The Otter Trail is most probably the most famous and popular hike in South Africa. I did the hike over Easter Weekend and want to share 10 things that I think you should know if you consider doing this incredible hike.
1. You have to be either very young or very fit to do the Otter. If you are over 30 you have to be fit as a fiddle and even then you will find the hike challenging. Only about 20% of the route is level. Most of the trail is up- or downhill and you often have to do some rock climbing. This route is not for people with serious acrophobia. If you want to train for the Otter, go and do some step classes because you will have to climb hundreds and hundreds of steps with a heavy backpack for five days!
2. Be prepared for river crossings. Get the time tables before you start out on the trail and plan the day’s hiking to try and reach the Elandsbos River on the third day and the Bloukrans River on the fourth day at low tide. Line your backpack with a sac liner and pack all your clothing in separate ziplock bags to keep them dry. Take a survival bag along which you can use for floating your backpack across the river if need be. Also take a rope to pull your bag if you need to swim through the river.
3. The route is awe-inspiring and the vegetation constantly varies between forest and fynbos. You walk along the coastline all the time. When you are in the forest sections, the sound of the sea is muted by the trees and you only hear the birds’ singing. When you walk in the open, the sea can be deafening at times.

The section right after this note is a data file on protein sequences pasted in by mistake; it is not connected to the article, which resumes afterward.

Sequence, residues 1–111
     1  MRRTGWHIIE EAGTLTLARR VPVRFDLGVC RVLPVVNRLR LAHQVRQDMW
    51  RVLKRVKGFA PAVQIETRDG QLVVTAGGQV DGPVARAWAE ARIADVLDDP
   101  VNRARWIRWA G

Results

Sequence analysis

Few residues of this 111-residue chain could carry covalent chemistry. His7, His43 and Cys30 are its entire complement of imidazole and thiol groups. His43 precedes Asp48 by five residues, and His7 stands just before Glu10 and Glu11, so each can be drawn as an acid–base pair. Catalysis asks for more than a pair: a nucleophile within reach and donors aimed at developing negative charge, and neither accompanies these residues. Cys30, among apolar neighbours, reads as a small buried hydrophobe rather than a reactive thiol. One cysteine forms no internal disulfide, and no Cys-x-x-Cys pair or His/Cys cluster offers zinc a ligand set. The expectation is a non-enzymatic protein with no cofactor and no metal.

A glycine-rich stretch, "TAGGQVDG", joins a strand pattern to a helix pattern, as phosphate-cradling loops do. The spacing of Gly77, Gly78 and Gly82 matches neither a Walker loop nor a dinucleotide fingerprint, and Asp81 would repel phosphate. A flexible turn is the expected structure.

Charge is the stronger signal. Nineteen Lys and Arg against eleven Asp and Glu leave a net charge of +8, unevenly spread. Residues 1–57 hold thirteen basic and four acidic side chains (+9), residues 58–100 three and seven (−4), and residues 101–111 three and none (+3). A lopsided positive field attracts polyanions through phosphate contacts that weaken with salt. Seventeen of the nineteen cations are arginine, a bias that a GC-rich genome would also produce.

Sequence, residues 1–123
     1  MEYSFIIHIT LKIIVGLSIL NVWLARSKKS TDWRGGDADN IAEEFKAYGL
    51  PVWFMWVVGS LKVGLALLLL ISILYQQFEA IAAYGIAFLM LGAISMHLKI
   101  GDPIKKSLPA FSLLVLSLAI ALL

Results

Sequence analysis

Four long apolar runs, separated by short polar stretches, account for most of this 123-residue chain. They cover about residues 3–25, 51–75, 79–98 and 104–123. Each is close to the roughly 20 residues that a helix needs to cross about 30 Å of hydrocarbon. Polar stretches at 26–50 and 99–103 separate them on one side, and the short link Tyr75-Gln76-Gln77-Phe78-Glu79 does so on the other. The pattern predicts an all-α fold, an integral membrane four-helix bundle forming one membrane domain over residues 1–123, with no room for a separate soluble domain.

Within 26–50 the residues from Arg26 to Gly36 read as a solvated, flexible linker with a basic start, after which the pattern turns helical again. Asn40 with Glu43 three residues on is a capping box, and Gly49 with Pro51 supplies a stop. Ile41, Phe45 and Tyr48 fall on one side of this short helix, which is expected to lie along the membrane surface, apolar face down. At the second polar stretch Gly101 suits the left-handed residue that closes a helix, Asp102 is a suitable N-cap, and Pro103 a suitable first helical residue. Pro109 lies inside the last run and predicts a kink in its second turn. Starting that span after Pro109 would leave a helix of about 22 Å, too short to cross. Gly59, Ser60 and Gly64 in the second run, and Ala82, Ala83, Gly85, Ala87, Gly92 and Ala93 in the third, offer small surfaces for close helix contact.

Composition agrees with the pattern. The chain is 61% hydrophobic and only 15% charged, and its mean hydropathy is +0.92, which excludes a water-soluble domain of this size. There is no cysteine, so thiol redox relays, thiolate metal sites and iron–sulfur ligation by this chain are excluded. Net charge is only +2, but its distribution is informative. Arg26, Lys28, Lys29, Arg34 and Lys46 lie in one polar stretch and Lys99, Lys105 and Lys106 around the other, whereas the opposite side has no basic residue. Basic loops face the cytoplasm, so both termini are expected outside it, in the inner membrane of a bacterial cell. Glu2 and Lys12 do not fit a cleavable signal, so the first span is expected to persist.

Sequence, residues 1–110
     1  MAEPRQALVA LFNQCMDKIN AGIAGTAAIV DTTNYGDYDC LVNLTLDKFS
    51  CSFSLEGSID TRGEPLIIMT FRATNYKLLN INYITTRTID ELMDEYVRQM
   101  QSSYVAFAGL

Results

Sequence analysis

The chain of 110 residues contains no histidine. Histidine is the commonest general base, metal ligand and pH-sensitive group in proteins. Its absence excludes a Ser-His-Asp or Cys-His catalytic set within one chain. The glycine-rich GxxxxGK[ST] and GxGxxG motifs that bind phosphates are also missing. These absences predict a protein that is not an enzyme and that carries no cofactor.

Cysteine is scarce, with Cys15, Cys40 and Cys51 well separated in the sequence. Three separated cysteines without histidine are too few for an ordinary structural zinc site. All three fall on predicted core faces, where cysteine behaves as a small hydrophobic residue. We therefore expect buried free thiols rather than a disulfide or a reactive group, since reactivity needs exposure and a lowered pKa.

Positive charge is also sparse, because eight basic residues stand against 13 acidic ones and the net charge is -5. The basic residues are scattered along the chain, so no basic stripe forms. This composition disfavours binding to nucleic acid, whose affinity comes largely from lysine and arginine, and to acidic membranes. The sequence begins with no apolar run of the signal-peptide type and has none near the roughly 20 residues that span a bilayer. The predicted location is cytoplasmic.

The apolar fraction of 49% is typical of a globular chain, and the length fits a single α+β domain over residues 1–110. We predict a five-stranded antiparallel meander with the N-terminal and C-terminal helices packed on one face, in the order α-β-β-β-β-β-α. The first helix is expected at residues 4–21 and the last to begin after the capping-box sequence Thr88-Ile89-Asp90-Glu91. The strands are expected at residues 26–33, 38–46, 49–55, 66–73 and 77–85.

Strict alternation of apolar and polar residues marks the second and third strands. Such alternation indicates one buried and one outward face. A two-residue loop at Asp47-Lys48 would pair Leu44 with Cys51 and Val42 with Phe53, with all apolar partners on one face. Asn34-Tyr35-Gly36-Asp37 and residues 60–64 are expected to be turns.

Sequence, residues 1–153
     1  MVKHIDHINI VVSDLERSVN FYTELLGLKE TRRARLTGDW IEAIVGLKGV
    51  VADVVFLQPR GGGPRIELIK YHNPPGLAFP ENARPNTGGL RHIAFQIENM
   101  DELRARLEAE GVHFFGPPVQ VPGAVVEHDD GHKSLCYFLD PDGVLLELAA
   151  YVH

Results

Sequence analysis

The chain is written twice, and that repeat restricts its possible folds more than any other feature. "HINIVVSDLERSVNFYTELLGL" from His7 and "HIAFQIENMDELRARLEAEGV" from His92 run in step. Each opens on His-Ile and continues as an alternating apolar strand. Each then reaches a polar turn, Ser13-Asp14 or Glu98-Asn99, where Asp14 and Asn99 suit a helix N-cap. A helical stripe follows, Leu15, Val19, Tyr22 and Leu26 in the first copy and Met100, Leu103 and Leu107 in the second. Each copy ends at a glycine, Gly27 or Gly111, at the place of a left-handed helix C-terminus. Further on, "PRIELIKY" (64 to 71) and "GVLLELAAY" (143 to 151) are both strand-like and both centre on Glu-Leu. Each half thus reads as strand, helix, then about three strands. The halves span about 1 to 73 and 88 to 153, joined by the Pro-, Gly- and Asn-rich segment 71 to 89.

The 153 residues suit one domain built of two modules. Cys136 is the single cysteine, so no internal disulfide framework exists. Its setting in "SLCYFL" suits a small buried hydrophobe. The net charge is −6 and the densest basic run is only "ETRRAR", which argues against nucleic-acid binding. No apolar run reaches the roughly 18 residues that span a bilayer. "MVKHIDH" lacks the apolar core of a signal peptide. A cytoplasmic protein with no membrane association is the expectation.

4. The Otter Trail has loos with the most beautiful sea views ever! At every overnight hut there is a flush toilet with a big window that overlooks the sea.
5. If you won’t survive without a hot shower for four days, the Otter is not for you! There is a cold shower at every night’s camp as well as the option to wash off the day’s sweat in the sea.
6. You can expect to see Rock dassies, Cape genet, Knysna Loerie, velvet monkeys, whales (at certain times of the year) and, if you are really lucky, even leopard! We saw one when we did the hike over Easter Weekend.
7. It is a five day, four night hike over 42 km. The trail starts at Storms River Mouth and ends at Nature’s Valley. There is a trail run on this route called the Otter African Trail Run. The record time for this race is an unbelievable 4:15.
8. All huts are situated right on the sea or at a river mouth which means that there is a steep descend to the hut every night and you start with a brisk climb each morning. Huts are basic but comfortable and extremely well kept. There is a braai area at each hut (as well as a covered lapa shared between the two huts) and ample wood is provided to braai or just enjoy a campfire. You should, however, still take your own gas stove and pots along for making coffee along the route or preparing soup or pasta when you don’t braai. There is a water tap at each hut and at the lapas.
9. The weight of your backpack should not be more than a quarter of your body weight. The heavier you carry, the more you WILL suffer. You can spoil yourself a little with nice food (and drinks if you fancy) but you will pay dearly for it. The heavier your bag is, the more difficult it is to balance yourself over rocky terrain. Be wise and pack as light as possible! Limit yourself to lightweight food and just a few treats. Contrary to what one would expect, you do not really get very hungry during the day. Don’t pack the same snacks for all five days. By day three you will be tired of it! Remember, variety is the spice of life and the same goes for meals on a hike.
10. There is no electricity at the overnight huts. Take candles and a LED head light otherwise you will be left in the dark.